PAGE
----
On April 26, 2023, Senator Bob Menendez (D-NJ), Senate Majority Leader Chuck Schumer (D-NY), Senator John Boozman (R-AR), and Senator Susan Collins (R-ME) introduced the Resident Physician Shortage Reduction Act of 2023.
Strongly supported by GNYHA, the bill would increase the number of residency positions that would be eligible for Medicare direct graduate medical education (DGME) and indirect medical education (IME) support. The significant health care needs of the nation’s aging population have demonstrated the necessity of additional Medicare support to expand the physician workforce pipeline. The bill underscores the critical importance of teaching hospitals and their mission to train medical residents and the need to address the nation’s looming physician shortage.
The Resident Physician Shortage Reduction Act
The Balanced Budget Act of 1997 (BBA) capped the number of residents for whom each teaching hospital is eligible to receive Medicare DGME and IME reimbursement. The Consolidated Appropriations Act, 2021 created 1,000 new direct DGME and IME slots and the Consolidated Appropriations Act, 2023 added an additional 200 slots—the only new reimbursable Medicare residency slots for urban teaching hospitals since the BBA’s enactment. The Resident Physician Shortage Reduction Act of 2023 would further increase the number of new reimbursable Medicare residency slots nationally by 14,000.
The Resident Physician Shortage Reduction Act of 2023 directs the Centers for Medicare & Medicaid Services (CMS) to create new reimbursable Medicare residency slots. The bill would increase the number of slots nationally by 2,000 each year from 2025 through 2031, for a total of 14,000 slots. If CMS determines that there are remaining slots available after 2031, it must conduct additional distribution rounds until all 14,000 slots have been distributed. An individual hospital may not receive more than 75 of these newly available slots, the new slots in the Consolidated Appropriations Act, 2021, and the new slots in the Consolidated Appropriations Act, 2023. However, the Resident Physician Shortage Reduction Act of 2023 would authorize CMS to increase this hospital-specific limitation if more slots are available than the number requested through eligible applications. In determining which hospitals will receive slots, CMS must consider the likelihood of a teaching hospital filling the positions within the first five cost reporting years beginning after the effective date of the DGME and/or IME cap increase.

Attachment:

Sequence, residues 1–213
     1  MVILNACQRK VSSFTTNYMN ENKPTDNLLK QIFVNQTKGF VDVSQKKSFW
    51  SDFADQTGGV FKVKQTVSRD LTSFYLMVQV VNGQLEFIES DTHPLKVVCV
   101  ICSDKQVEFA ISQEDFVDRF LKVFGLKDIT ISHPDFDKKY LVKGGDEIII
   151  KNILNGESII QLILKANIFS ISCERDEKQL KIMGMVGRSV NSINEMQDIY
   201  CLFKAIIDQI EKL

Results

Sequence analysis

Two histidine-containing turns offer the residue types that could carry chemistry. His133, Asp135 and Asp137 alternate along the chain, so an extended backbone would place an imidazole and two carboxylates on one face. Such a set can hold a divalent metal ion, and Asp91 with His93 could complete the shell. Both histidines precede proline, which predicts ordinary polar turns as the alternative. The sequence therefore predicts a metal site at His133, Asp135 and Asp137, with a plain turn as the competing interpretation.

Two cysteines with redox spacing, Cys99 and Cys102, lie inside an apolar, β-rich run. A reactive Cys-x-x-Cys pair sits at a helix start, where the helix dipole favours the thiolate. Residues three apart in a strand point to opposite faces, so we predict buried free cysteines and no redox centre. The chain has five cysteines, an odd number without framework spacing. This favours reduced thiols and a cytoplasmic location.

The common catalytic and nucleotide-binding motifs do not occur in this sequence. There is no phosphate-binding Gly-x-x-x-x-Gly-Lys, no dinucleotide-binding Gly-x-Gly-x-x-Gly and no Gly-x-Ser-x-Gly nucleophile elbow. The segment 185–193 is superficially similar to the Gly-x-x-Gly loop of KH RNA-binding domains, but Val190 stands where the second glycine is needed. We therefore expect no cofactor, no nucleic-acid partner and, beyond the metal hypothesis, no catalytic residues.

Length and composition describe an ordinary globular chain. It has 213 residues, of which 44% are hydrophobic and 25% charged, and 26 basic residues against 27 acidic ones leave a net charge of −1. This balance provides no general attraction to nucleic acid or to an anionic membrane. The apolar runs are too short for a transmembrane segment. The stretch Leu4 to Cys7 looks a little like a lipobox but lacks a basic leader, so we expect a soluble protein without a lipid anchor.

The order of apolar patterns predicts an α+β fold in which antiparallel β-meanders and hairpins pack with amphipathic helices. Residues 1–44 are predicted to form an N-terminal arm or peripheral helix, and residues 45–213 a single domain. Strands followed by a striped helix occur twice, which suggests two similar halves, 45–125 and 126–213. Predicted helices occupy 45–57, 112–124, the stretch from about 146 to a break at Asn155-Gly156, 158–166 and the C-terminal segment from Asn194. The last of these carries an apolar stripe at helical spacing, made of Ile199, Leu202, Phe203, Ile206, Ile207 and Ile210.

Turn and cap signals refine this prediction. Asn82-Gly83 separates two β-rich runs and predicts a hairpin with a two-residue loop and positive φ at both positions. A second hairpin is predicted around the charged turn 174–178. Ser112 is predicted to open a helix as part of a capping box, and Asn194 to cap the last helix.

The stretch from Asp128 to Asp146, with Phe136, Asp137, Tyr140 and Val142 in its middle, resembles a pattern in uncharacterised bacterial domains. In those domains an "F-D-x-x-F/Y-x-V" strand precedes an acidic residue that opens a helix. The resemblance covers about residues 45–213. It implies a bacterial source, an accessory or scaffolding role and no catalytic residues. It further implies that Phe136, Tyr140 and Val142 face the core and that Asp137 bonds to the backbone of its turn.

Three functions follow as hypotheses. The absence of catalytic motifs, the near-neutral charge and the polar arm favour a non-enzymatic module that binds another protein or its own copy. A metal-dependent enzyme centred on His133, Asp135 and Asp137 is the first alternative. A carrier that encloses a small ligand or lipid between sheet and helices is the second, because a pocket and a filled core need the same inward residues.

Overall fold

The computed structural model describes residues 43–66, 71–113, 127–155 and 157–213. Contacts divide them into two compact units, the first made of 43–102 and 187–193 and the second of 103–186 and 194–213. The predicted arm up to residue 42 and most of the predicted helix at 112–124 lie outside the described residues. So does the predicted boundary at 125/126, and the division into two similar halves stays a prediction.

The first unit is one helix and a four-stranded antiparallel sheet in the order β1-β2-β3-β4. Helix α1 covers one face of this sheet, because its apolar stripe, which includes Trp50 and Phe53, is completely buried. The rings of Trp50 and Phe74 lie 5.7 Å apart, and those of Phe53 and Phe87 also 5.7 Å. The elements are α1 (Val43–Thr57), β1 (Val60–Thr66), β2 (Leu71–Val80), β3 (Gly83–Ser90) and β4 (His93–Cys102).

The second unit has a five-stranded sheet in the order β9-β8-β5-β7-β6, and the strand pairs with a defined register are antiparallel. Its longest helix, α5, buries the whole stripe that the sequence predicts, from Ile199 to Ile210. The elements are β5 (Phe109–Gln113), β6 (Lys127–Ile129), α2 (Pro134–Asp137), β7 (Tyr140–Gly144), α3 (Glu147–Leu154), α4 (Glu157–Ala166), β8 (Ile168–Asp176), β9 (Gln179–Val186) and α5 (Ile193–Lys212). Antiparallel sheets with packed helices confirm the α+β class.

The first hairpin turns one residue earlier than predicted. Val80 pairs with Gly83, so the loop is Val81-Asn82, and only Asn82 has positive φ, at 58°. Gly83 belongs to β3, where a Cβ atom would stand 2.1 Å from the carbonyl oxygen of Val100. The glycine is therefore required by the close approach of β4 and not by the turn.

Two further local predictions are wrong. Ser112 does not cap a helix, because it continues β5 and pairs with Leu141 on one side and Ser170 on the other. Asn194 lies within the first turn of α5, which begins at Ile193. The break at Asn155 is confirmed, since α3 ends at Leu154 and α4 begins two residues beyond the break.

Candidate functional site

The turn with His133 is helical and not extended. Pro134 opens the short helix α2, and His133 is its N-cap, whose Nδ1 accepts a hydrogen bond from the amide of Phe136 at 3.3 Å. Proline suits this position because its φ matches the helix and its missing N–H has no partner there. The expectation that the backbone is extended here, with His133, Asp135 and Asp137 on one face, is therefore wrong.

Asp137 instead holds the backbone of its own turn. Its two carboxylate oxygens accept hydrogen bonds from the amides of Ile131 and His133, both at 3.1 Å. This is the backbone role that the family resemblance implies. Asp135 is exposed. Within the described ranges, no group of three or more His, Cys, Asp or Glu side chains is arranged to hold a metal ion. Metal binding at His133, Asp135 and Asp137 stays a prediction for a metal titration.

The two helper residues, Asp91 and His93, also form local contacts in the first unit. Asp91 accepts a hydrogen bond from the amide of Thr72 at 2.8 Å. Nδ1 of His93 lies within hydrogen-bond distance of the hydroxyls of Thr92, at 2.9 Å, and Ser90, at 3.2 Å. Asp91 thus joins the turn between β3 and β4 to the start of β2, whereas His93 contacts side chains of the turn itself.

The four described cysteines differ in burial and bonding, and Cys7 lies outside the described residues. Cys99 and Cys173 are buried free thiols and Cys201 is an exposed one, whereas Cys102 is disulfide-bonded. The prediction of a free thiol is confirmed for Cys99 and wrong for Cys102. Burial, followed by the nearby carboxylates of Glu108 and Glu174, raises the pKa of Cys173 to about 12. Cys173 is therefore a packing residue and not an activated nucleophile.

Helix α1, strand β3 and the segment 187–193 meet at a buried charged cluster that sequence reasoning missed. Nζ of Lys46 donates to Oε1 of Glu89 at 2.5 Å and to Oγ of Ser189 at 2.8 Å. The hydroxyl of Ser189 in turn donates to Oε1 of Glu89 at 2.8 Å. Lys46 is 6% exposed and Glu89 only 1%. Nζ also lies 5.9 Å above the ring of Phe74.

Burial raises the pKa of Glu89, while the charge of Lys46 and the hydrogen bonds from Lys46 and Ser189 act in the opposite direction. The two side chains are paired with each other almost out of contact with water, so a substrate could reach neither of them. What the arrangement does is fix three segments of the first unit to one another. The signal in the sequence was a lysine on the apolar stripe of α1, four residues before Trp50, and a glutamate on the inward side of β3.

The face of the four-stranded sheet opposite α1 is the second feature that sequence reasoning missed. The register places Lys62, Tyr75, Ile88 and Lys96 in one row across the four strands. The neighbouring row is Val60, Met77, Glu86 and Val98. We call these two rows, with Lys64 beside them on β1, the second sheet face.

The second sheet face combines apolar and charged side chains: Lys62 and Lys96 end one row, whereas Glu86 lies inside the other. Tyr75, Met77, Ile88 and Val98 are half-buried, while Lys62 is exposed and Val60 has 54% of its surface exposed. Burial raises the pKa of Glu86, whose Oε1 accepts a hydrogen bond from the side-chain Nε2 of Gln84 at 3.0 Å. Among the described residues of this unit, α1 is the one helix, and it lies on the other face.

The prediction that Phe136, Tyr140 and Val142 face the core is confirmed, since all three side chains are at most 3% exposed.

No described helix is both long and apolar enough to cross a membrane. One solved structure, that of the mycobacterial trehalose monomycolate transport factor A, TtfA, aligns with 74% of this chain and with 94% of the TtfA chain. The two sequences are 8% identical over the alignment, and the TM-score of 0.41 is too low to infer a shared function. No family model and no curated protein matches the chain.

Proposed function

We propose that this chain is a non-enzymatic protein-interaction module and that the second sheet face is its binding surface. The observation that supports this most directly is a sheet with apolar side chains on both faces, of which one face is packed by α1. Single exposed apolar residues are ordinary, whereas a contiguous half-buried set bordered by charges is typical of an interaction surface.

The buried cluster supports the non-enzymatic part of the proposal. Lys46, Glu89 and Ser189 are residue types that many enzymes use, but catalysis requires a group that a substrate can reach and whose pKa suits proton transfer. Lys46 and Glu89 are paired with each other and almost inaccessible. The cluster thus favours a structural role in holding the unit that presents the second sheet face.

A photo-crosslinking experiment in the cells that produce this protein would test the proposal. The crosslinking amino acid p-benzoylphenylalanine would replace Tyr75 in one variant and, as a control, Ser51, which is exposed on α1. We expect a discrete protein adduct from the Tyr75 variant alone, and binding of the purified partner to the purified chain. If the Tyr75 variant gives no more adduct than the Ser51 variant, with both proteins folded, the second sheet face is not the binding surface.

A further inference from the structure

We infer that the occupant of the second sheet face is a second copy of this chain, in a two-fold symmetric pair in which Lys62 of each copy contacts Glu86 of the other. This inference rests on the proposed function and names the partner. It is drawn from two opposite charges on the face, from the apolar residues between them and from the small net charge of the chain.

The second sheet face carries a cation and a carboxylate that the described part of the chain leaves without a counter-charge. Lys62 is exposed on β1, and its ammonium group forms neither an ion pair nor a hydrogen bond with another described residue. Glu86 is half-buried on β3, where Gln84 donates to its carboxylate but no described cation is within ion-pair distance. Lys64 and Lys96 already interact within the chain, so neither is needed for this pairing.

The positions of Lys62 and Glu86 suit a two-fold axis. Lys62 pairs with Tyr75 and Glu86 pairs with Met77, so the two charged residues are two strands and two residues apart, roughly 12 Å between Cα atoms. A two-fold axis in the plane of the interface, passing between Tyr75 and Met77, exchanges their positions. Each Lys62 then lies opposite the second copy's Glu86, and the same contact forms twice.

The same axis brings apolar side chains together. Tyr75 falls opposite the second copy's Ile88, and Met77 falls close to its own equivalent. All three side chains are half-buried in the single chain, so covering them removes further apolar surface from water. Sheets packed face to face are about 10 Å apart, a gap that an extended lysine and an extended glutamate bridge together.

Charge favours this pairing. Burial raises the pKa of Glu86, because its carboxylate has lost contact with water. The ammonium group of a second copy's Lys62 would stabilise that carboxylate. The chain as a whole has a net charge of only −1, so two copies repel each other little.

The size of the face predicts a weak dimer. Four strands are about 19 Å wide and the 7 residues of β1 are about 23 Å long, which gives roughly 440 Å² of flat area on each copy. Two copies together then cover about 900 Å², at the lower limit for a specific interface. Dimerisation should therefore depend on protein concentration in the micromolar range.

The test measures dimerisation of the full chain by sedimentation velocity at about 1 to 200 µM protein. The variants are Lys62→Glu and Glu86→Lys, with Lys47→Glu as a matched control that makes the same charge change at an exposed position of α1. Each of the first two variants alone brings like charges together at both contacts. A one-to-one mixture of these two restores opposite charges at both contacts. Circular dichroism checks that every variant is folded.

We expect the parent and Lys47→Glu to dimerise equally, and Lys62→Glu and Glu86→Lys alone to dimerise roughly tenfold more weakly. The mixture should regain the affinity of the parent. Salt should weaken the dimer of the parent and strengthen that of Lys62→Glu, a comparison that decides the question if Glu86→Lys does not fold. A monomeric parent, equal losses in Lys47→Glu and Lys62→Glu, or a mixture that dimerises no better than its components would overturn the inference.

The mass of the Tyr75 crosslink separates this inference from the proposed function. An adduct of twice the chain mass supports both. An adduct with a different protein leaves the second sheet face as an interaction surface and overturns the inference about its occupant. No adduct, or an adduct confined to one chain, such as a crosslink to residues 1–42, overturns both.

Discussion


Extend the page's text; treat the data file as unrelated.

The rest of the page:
Use of the Slots
The bill does not allow for any new reimbursable Medicare slots to be used for residents currently in training above hospitals’ applicable caps. CMS must provide a minimum of 10% of the awarded slots to each of the following four priority categories:
- Hospitals located in a rural area or treated as being located in a rural area (i.e., urban hospitals that reclassify as rural for acute inpatient payment purposes)
- Hospitals training residents above their DGME and IME caps, taking into account cap increases and reductions previously made to hospitals through slot redistribution programs
- Hospitals located in states with new medical schools or locations/branch campuses as of January 1, 2000
- Hospitals that serve areas designated as Federal health professional shortage areas
The bill also specifies that in distributing slots, CMS cannot use a prioritization methodology that combines the four eligible categories and cannot implement an overarching prioritization based on health professional shortage areas. This special rule was included to ensure that eligible teaching hospitals would not be unfairly disadvantaged during CMS rulemaking and the agency would closely follow Congressional intent.
Reimbursement Level for New Slots
New slots would be reimbursed at a hospital’s otherwise applicable per resident amount for GME purposes and using the usual adjustment factor for IME reimbursement purposes.
Study on the Promotion of Diversity
The bill requires the Comptroller General to develop a study on strategies to increase the diversity of the health professional workforce.